Jim Ledwell

Senior Scientist
Applied Ocean Physics & Engineering
Woods Hole Oceanographic Institution


Attached is my favorite graph from my work and one that has found it's way into text books and papers by others. It is a picture of a tracer patch in the eastern North Atlantic, in the Canary Basin, at various stages. The lines to the right marked "INJ" are tracks along which Oceanus injected tracer (139 kg of sulfur hexafluoride) on a surface of constant neutral density at around 300 m depth in May 1992. The contour map just to the west of the injection streaks shows the tracer patch, as found during the weeks after the release by RRS Charles Darwin. The little square marked 'CM' is a current meter mooring deployed by Bob Weller as part of the ONR Subduction Experiment. The long sinuous streaks marked Oct and Nov were sampled by Oceanus on painstaking 30-day and 25-day back to back cruises in October and November of 1992. The dashed lines in the figure show where we towed a cumbersome array of samplers through the water at over 2 knots for 10 hours at a time to try to find the tracer in October. The CTD wire was led astern and through the A-Frame, and the CTD winch was automated to keep the center of the array (and also the injection sled in May) on the target density surface. Oceanus captains (Mike Palmieri and Paul Howland), chief engineer (Buzz McLauchlin) and chief mate (Larry Bearse) were totally cooperative in facilitating this complex operation, as usual. During the cruise with all the towing the brake on the CTD winch gave trouble. After several ingenious fixes, it finally failed completely, and Buzz made a hand brake from scratch operated by one of the science party on the main deck with a line to the new creation - it worked fine. In November we could not tow the sampling array because of other work with microstructure profiling by Chief Scientist Neil Oakey, and deployments of Tim Duda's Cartesian Diver that were scheduled. So we poked along to find more of the tracer streak with CTD/Rosette casts as well as we could ('+' is where there was no tracer, 'o' was were there was a little, and filled 'o's are where there was a lot.) The solid lines are an estimate of the boundaries of the tracer streaks. The streaks are of interest because they confirm the space and time scales of mesoscale eddies stirring the ocean and because their width gives a unique estimate of mixing at scales smaller than those of the eddies.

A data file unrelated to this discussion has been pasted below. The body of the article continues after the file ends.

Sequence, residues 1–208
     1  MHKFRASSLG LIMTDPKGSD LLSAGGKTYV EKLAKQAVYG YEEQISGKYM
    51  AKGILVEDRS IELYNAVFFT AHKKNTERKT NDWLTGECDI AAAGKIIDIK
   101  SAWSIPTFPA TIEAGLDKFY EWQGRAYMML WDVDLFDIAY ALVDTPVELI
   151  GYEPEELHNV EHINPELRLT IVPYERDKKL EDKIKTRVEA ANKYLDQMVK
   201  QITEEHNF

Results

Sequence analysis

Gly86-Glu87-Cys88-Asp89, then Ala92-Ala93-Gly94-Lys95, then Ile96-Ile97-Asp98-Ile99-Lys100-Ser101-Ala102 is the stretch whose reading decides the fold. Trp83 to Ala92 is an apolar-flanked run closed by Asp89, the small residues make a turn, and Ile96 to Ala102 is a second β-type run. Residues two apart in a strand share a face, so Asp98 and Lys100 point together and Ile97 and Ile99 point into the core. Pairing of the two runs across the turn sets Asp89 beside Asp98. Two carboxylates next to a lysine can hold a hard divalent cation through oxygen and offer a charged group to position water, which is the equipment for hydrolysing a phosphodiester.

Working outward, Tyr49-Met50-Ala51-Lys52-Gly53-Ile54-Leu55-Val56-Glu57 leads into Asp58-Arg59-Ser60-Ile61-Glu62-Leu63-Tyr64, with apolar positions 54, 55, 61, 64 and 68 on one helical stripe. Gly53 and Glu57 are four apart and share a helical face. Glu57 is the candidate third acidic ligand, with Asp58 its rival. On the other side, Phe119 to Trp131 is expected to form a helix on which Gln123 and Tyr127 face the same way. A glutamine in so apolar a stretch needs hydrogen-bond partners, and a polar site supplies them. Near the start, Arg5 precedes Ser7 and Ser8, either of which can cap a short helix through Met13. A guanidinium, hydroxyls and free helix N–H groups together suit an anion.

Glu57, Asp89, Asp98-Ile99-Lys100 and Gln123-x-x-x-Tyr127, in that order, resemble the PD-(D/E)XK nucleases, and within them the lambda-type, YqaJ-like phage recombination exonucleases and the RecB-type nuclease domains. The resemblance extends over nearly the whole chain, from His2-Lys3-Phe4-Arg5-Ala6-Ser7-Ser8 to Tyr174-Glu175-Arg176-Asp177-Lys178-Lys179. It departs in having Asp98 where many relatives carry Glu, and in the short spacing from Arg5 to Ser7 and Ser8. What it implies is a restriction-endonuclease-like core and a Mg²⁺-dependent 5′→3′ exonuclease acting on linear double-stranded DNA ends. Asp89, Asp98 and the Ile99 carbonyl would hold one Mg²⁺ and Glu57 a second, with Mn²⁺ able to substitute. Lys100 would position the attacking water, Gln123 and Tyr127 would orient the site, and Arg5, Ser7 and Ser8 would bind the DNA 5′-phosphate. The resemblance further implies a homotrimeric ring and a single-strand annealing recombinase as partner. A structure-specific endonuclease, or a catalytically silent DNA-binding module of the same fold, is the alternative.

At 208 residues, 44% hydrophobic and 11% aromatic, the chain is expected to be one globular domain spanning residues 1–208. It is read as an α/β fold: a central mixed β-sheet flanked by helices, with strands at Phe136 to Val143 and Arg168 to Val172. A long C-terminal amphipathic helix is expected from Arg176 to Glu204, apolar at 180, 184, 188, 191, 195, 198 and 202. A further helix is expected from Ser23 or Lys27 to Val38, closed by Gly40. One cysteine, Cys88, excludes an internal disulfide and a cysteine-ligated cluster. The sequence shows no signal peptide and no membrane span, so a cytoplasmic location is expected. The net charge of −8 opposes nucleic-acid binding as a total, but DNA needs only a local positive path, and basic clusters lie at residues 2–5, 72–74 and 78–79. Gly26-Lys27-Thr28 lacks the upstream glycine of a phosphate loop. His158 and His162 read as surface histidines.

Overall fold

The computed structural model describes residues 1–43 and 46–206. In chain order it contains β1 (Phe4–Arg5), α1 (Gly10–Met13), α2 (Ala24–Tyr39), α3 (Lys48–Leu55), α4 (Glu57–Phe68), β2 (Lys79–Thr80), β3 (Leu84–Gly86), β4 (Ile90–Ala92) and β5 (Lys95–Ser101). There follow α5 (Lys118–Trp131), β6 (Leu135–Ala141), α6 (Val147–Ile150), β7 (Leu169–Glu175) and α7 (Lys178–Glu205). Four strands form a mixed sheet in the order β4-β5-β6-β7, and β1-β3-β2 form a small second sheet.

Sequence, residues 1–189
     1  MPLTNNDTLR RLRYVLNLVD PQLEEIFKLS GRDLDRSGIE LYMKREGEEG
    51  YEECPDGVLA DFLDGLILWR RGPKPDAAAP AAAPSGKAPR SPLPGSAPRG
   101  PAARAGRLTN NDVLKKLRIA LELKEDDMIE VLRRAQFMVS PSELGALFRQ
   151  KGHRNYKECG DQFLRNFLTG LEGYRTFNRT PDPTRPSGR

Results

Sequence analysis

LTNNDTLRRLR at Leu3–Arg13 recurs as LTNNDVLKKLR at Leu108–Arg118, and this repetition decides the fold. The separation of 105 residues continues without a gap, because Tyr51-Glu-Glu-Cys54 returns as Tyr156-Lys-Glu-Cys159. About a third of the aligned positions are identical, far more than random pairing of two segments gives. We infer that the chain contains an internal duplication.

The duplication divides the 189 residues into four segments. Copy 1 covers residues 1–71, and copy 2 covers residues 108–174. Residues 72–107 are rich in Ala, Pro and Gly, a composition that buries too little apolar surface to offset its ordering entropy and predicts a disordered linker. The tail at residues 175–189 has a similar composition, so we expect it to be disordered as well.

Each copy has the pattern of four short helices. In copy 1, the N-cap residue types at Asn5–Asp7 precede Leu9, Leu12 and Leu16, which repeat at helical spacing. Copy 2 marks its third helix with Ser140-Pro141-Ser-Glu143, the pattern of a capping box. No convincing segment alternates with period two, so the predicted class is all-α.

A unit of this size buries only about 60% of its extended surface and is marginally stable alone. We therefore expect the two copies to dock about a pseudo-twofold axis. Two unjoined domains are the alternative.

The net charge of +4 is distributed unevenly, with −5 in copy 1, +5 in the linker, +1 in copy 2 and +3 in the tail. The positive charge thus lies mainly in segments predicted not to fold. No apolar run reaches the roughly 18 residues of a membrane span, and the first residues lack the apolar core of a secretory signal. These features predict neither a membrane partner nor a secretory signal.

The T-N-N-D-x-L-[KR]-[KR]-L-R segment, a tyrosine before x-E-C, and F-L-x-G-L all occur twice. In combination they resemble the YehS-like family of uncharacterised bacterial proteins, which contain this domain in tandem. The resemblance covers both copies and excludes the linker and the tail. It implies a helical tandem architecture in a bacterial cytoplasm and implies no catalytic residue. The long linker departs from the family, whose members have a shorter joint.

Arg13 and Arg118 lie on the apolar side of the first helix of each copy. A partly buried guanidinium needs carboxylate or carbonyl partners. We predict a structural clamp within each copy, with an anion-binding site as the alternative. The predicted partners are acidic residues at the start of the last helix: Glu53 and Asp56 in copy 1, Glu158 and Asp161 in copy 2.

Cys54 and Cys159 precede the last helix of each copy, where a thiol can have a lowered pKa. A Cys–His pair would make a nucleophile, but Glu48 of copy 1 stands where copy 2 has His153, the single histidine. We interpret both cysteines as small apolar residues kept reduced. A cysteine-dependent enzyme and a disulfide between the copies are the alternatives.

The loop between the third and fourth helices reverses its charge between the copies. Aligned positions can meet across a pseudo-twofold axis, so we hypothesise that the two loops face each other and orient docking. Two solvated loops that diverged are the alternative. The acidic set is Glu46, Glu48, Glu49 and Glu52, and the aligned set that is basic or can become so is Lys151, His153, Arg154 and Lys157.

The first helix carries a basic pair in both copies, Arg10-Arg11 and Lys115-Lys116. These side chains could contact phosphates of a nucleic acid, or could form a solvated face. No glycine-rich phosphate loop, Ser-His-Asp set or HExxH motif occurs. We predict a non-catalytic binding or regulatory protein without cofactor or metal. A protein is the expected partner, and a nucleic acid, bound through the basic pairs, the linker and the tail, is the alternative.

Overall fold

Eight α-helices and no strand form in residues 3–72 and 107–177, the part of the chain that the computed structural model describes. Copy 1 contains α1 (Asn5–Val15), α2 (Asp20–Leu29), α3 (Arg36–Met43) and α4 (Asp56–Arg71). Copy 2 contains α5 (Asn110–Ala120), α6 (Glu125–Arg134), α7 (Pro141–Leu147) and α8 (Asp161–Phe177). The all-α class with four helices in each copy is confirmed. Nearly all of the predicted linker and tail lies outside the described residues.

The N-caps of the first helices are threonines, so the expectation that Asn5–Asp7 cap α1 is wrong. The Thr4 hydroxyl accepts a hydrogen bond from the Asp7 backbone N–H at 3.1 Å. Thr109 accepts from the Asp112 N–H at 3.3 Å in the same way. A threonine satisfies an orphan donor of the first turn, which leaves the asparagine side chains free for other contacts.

If we add in a site survey with the High Resolution Profiler of Ray Schmitt, John Toole and Kurt Polzin prior to the tracer release, plus transit and port times, Oceanus spent a third of 1992 supporting the North Atlantic Tracer Release Experiment, which launched both my career and the tracer release technique in open ocean studies.